It is also possible that space exploration and the desire for communication are uniquely human characteristics. After all, it can be argued that there is more than one intelligent species on our planet but that the technology and desire to explore and communicate are unique to humans. Dolphins are probably intelligent and may be sentient, but they will never point telescopes at the stars and wonder if they are alone. Technology is not even universal among human societies. Are humans fated to be explorers, bridge-builders, and scientists rather than artists, athletes, or daydreamers? Is the stereotyped aggressive Westerner more representative of the essence of humanity than the stereotyped contemplative Easterner? Our technocracy may be just one type of cultural activity rather than a natural consequence of biological evolution. Historically, patterns we once assumed to be results of our biology have turned out to be consequences of cultural influences (confusion between these two has led to racist and sexist biases that we are still trying to overcome). We have all been influenced by the appealing image from science fiction of space exploration and communication as a universal cultural activity. In fact, it is absurdly anthropocentric to suppose that beings on other planets would resemble us physically, psychologically, or socially.
Possibly the most significant answer to the question "where are they?" is that we may be separated from aliens more by evolutionary time than by actual physical space. Let us conduct a hypothetical experiment. Imagine a planetary twin of Earth that started evolving at exactly the same time. Even if life on both planets chose similar biochemical pathways, organisms on the two planets are likely to be out of evolutionary phase with one another. Just a slight difference in temperature between the planets could cause the evolutionary "clocks" on the two planets to be out of synch. If even 1 percent out of synch, life on our twin would be 40 million years behind or ahead of us. This is as far from us evolutionarily as we are from early mammals. If the clocks differ by 10% to 15%, then we are talking about the enormous evolutionary difference between single-celled microorganisms and ourselves! The timing argument carries one important consequence. We have had the capability for interstellar communication for only 50 years, which is a mere instant in evolutionary and cosmic time. Due to the time it takes signals to travel through interstellar space, it is likely that any civilization with which we could make contact will be far more advanced than us, by thousands or perhaps millions of years. Even if we were at the same evolutionary stage as our twin, the large distances coupled with anticipated lifetime of civilizations (the oldest civilizations on Earth have lasted only thousands of years) makes the idea of communication futile.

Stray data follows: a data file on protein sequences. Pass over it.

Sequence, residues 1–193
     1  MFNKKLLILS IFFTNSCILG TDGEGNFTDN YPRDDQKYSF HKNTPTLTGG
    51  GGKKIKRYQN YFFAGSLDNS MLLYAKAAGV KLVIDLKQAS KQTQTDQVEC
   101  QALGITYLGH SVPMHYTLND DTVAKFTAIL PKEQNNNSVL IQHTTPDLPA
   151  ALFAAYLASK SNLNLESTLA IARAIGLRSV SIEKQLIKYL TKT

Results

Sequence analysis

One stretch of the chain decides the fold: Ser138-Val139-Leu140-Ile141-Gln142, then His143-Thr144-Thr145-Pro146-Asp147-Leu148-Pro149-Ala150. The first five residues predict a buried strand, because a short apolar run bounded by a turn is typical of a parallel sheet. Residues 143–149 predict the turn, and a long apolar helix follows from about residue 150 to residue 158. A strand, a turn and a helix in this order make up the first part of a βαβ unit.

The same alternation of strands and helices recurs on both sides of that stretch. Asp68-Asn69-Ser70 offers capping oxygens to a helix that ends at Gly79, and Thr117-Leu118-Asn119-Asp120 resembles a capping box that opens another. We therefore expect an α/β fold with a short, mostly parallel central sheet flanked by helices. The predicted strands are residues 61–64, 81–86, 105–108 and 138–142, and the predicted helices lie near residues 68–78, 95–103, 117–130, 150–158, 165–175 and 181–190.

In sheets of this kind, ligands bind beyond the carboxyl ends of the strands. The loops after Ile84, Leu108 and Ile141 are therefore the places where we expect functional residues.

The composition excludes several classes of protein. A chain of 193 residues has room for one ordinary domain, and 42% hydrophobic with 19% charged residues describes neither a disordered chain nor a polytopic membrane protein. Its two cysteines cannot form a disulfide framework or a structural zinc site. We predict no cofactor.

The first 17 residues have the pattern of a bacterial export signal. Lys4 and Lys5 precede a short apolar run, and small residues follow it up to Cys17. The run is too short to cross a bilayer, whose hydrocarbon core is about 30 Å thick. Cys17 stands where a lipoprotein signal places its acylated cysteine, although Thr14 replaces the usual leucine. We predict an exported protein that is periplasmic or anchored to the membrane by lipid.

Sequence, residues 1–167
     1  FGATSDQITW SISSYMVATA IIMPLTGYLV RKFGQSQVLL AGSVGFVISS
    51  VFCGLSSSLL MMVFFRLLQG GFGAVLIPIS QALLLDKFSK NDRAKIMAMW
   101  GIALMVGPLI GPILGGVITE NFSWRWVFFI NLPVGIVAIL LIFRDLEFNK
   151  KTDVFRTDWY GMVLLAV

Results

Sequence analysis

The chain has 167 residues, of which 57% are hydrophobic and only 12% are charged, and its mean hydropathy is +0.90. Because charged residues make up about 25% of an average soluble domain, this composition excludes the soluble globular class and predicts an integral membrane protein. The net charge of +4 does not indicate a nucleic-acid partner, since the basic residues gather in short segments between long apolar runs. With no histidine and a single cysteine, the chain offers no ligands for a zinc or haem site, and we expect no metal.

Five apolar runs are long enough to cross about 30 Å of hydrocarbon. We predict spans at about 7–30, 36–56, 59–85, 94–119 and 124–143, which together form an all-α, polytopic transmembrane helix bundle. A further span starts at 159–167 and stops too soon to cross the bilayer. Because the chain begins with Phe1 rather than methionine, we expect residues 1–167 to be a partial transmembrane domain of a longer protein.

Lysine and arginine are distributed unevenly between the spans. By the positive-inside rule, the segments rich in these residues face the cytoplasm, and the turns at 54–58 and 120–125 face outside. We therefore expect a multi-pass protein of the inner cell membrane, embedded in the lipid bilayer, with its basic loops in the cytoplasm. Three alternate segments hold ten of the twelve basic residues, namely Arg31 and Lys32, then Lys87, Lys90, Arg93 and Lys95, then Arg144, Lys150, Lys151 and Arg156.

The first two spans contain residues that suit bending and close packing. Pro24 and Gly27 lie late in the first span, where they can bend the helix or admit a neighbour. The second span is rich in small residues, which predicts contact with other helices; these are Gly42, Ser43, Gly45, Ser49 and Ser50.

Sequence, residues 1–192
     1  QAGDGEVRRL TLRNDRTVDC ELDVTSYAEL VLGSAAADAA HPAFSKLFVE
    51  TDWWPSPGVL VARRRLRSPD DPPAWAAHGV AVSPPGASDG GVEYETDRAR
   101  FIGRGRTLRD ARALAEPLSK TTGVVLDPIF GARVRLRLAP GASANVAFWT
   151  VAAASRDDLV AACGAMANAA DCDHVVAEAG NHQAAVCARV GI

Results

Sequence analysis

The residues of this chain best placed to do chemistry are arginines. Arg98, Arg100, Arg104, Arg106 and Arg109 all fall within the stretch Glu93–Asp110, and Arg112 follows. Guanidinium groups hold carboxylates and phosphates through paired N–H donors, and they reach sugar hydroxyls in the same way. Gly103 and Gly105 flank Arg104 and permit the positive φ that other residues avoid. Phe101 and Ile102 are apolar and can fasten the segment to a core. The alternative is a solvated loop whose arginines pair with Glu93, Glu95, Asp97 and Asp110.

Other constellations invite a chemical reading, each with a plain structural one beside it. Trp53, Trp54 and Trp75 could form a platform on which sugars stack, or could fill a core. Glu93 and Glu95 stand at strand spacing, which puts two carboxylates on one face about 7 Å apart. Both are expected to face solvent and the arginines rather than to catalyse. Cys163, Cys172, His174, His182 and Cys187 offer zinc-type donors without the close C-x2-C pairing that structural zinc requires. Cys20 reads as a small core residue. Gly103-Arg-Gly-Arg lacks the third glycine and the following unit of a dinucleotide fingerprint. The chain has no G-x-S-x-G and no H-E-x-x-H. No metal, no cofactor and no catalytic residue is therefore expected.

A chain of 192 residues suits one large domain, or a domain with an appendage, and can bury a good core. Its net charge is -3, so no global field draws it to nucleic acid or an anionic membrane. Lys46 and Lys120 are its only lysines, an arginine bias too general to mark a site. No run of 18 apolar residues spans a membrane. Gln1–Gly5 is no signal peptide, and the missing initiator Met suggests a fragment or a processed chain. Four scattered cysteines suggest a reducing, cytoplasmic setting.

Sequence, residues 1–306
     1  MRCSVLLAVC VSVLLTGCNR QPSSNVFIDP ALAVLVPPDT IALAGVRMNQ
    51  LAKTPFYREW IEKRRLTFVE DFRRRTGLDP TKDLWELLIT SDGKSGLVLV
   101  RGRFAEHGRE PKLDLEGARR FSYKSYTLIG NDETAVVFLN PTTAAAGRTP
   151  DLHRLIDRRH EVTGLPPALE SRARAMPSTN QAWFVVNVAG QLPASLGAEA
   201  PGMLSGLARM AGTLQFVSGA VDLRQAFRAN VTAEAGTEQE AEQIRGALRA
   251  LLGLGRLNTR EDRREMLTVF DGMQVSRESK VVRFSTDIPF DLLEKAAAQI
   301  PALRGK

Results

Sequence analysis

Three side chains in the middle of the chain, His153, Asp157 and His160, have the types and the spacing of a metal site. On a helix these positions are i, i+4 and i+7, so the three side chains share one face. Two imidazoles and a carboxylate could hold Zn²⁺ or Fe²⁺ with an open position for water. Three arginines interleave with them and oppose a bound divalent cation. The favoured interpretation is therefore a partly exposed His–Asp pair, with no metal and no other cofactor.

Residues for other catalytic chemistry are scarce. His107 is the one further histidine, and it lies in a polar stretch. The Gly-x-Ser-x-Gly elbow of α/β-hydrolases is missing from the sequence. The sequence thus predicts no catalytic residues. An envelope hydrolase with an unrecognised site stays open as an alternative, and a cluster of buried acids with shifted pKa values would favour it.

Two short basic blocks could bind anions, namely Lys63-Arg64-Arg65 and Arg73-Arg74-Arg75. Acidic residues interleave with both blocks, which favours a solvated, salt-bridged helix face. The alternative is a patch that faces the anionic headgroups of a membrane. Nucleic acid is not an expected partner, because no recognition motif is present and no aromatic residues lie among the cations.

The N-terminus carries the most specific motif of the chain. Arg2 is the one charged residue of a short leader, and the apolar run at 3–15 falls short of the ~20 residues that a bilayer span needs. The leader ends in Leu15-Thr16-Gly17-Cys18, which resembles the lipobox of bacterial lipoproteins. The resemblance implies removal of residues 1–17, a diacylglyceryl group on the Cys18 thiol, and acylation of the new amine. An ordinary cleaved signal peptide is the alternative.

Optimists in the search for extraterrestrial intelligence have an answer for the bleak scenario where intelligent life is rare in the galaxy. Rather than use signals for communication from point to point, alien civilizations might use signals to store information in a vast, cosmic internet. If one civilization succeeded in sending probes across the galaxy, they could use these probes to set up a communication network across the galaxy. These artificial stations could beam information at planets, collect information from planets with intelligent life forms, and store the information in a growing database. Each newly intelligent civilization would not have to wait thousands of years of light travel time to communicate across the galaxy; they would only have to wait the much shorter time to tap into the nearest node of the network. The information in this cosmic internet would survive the death of any civilization and act as a kind of galactic consciousness.
All of these are hypothetical ideas, but we should recall the words of physicist Freeman Dyson: "Nature always has more imagination than us." We are a young intelligent species, peering into the vastness of our cosmic environment with the naivety of a newborn. We may be surprised at what we find.